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The Power Of Water When Reduced To Vapour By Heat

Whatever force water may have while its parts remain together, is

nothing, if compared to the almost incredible power with which its

parts are endued, when they are reduced to vapour by heat. Those

steams which we see rising from the surface of boiling water, and

which to us appear feeble, yet, if properly conducted, acquire immense

force. In the same manner as gunpowder has but small effect, if

suffered to expand at l
rge, so the steam issuing from water is

impotent, where it is permitted to evaporate into the air; but where

confined in a narrow compass, as, for instance, where it rises in an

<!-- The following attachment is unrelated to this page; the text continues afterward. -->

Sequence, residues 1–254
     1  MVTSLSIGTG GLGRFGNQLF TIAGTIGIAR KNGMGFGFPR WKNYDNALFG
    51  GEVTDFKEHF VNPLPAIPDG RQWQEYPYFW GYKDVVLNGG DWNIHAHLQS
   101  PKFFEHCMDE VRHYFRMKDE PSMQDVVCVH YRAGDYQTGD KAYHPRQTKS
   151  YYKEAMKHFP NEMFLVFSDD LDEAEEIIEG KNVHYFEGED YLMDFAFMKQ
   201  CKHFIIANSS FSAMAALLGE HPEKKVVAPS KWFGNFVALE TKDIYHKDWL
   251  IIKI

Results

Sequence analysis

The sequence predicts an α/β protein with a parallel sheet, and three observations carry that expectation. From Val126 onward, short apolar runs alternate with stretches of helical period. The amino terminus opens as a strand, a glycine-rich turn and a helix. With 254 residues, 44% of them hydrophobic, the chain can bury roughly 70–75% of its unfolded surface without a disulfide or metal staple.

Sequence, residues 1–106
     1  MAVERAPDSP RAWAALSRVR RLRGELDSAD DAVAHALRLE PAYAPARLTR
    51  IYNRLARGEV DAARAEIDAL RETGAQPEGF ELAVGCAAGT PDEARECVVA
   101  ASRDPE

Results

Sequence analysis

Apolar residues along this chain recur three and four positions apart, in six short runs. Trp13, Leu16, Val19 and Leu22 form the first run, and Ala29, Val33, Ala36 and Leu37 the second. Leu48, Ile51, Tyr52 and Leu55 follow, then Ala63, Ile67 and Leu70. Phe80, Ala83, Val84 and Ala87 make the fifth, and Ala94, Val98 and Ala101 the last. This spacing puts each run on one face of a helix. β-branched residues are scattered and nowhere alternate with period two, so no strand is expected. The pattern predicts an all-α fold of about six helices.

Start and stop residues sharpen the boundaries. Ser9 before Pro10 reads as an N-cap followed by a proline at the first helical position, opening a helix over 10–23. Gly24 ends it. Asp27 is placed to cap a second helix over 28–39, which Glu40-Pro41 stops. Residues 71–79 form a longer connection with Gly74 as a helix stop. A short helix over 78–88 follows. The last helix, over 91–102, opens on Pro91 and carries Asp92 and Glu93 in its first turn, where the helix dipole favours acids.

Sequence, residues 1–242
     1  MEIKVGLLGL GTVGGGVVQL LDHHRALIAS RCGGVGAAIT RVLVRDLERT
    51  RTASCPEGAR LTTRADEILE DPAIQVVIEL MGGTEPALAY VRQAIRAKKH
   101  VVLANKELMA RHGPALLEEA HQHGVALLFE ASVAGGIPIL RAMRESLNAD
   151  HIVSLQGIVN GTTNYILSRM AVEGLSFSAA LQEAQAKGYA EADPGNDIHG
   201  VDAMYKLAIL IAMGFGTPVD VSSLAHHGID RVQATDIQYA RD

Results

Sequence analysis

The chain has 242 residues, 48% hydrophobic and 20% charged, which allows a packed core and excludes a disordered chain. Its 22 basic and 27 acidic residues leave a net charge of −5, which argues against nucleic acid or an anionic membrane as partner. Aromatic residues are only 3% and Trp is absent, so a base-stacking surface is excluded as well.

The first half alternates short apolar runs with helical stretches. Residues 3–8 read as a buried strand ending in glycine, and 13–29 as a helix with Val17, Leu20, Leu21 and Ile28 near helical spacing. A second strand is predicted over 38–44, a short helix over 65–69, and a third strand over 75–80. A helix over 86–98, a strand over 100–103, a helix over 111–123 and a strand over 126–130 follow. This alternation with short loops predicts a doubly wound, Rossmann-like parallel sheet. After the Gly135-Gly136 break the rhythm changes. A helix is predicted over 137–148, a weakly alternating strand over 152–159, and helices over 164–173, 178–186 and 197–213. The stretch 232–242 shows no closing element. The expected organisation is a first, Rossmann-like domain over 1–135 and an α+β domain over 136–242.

iron tube shut up on every side, it there exerts all the wonders of

its strength. Muschenbrook has proved by experiment, that the force

of gunpowder is feeble when compared to that of rising steam. A

hundred and forty pounds of gunpowder blew up a weight of thirty

thousand pounds: but, on the other hand, a hundred and forty pounds of

water, converted by heat into steam, lifted a weight of seventy-seven

thousand pounds; and would lift a much greater, if there were means of

giving the steam more heat with safety; for the hotter the steam the

greater is its force.